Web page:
So, this past fall I purchased a grey CVM Romeldale fleece. Coated and beautiful, it really is one of those fleeces that makes you love the fleece washing process. This fleece was the first one I washed in my basket to keep the integrity of the locks, and it is such a smashing success, I am sold completely on the basket for finer fleece. It takes a bit more time on the outset, sorting all the fleece and pulling it apart into separate locks, then setting it up in the basket and making sure it stays that way. On the other hand, it saves so much time and energy on the flip side!
When I first washed this fleece, I was slightly concerned about the yellowed tips. I stressed over them a bit, but then decided I’d be blending the fiber anyhow, and how much could it really show? Once I flick carded the locks, it seemed even more apparent that the yellowed tips weren’t a big deal.
(Washed locks shown with flick carded locks)
I then decided to see what this fleece and a set of hand cards would produce. And it produced some lovely rolags of fluffy beautiful grey wool. No yellowing apparent at all. So much for worrying over the yellowed tips! As an aside, I used to think owning a drum carder would make my life so much easier and make processing fleece so much faster. I can tell you now that it doesn’t. It is a useful fiber tool, especially for blending and so on, but a pair of hand cards are just as effective and quick, or more so.
Then I decided it would be fun (and wise) to sample some of the grey CVM, so I set about to make a cabled yarn sample. I’d like to make this into a cabled yarn, but I’ve never created a cabled yarn before and didn’t want to mess it all up. I used this knitty article as well as instructions from a good friend of mine to wrap my head around it all. I concentrated hard on getting a ton of twist in the 2 ply sections. And then I did send it back through for extra twist just to be sure. Upon finishing the yarn I realized I probably didn’t need to send it back through a second time in the 2 ply stage. Though it would be a very effective tool if I hadn’t concentrated so very hard on making the 2 ply overplied. Despite all this, I LOVE the look of the cabled yarn. And I think it will be very effective for this fleece, as it is somewhat variegated in color. I did spin the singles on my spindle, but did all the plying work on my wheel.
Now, I’ve heard a lot lately about spinning the waste fiber from the flick carding process. It used to be that I’d just throw all that outside for the birds to enjoy in their nests, or add it to my soil for compost. However, lately I’ve been saving it for things like stuffing. You know, stuffing for owls I hate knitting. I’d basically been told that I could spin the waste fiber, but to expect my resulting yarn to be a different quality than what I’d have when I spun the best parts of the fleece. I decided to see just how bad a quality I’d get! I spun a sample of waste yarn on my spindle. It is interesting because it seems that the lightest and darkest parts of the fleece are what comes out of the locks when I flick card. This sample is not plied very well at all. I think it was getting late and I’d done a ton of work in the evening and I did it as a plying bracelet which seems to make my plying a bit off in the first place. However, I think I can get an idea of what the yarn would look like if I spun up all my waste. That being said, I don’t think it is all that wonderful and feel pretty certain it is ok to leave the waste for stuffing.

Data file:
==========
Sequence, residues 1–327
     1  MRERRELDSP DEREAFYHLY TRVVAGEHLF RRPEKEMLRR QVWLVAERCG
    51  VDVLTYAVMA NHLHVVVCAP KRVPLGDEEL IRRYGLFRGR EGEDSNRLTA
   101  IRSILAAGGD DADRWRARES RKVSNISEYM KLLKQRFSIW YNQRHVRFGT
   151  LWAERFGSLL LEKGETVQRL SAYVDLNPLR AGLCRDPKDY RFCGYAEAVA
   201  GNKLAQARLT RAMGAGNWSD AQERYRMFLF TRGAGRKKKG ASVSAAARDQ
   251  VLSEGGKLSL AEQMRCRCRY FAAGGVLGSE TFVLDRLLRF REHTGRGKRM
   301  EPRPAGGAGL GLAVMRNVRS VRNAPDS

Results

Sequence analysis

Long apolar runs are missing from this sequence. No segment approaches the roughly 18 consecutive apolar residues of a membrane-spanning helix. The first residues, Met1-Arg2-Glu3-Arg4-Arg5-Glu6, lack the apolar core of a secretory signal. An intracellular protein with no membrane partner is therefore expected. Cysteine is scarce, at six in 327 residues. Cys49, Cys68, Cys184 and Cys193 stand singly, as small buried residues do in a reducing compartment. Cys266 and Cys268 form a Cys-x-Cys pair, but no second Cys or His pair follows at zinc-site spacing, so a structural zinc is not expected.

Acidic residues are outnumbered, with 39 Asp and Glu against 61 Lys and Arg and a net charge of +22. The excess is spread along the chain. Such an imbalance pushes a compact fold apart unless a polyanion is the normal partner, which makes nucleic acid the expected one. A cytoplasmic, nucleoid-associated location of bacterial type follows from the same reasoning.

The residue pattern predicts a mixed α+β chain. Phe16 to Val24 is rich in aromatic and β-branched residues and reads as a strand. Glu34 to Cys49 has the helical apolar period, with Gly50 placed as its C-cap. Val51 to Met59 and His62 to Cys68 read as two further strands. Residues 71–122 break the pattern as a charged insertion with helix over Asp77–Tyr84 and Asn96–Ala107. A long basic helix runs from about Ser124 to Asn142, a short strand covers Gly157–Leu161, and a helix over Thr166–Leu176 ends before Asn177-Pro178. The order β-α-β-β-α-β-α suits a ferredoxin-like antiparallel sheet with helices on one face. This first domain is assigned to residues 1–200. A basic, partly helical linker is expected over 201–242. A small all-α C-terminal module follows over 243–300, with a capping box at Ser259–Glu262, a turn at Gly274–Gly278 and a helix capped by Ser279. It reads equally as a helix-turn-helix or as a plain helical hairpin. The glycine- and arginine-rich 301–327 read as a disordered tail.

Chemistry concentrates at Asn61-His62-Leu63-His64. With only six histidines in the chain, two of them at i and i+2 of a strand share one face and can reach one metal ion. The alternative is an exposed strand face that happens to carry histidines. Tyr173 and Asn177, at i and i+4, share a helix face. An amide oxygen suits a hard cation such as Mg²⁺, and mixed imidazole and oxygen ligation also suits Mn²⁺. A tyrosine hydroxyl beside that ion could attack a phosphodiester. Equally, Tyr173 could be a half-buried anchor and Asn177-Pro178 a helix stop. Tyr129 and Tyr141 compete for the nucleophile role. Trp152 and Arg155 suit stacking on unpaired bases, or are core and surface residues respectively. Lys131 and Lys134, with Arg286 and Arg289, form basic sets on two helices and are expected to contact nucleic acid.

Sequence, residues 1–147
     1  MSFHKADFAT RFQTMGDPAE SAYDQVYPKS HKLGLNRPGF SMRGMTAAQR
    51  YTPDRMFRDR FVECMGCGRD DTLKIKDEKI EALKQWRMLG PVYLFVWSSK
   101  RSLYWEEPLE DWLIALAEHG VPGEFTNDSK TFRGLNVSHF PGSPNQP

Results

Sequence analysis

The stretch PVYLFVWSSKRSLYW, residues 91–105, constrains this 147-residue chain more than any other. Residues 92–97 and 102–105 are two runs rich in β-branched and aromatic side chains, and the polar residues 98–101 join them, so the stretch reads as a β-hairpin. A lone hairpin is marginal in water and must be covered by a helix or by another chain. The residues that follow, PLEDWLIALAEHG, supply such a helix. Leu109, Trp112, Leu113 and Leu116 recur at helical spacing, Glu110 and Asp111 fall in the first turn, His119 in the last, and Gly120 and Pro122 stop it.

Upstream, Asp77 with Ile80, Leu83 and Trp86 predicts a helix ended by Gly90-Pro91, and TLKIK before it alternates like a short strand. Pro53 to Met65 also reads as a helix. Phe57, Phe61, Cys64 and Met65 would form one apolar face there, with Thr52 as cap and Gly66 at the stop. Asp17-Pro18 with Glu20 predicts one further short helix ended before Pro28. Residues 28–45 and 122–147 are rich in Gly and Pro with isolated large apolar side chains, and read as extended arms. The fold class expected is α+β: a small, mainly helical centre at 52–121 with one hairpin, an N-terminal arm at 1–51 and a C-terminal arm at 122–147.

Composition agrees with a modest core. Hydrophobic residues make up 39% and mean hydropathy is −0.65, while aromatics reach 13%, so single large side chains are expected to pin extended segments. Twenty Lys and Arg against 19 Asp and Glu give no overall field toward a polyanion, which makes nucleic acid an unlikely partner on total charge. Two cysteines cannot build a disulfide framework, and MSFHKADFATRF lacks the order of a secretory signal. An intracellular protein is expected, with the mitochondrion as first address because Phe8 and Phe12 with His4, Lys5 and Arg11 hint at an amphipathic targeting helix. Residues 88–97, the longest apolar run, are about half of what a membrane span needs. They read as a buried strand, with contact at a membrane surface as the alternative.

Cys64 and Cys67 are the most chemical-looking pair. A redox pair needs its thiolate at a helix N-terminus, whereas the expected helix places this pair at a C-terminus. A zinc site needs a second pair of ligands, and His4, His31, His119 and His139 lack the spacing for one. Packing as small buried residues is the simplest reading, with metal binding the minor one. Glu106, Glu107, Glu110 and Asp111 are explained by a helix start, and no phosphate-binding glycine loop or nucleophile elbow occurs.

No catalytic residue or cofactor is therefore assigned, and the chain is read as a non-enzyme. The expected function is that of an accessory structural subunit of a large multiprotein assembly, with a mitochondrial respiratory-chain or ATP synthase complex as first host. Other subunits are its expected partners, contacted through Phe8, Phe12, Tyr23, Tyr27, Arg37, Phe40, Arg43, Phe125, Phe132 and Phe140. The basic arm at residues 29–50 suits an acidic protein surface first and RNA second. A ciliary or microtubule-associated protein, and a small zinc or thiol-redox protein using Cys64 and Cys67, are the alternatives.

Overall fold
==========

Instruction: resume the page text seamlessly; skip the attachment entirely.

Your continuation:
And now for variation on the theme. I’ve got this small, unscheduled fiber club going on right now. I mean, my fleece obsessions won’t be ending any time soon, and the only way I can deal with the amount of fiber in my house is for some of it to flow back out. I have found that there are plenty of spinners who want to experiment with natural fibers but don’t particularly care to purchase an entire fleece, nor do they care to do the washing of it. So, Shells Fiber Club (Which is not much of a fiber club at all) sells 4 oz. samples of quite a few of the fleece you see regularly on this blog. (Do feel free to contact me if you see something you want to get your hands on, as while I am not interested in offering such fiber in an official way, I am fairly open to making a deal.) 4 oz. of this grey CVM Romeldale went to my friend Corrie last month. She, too, worried a bit about the yellow tips, and this is what she (and her little one) came up with. Locks drizzled with dye and then flick carded. Looks like a fun spin to me!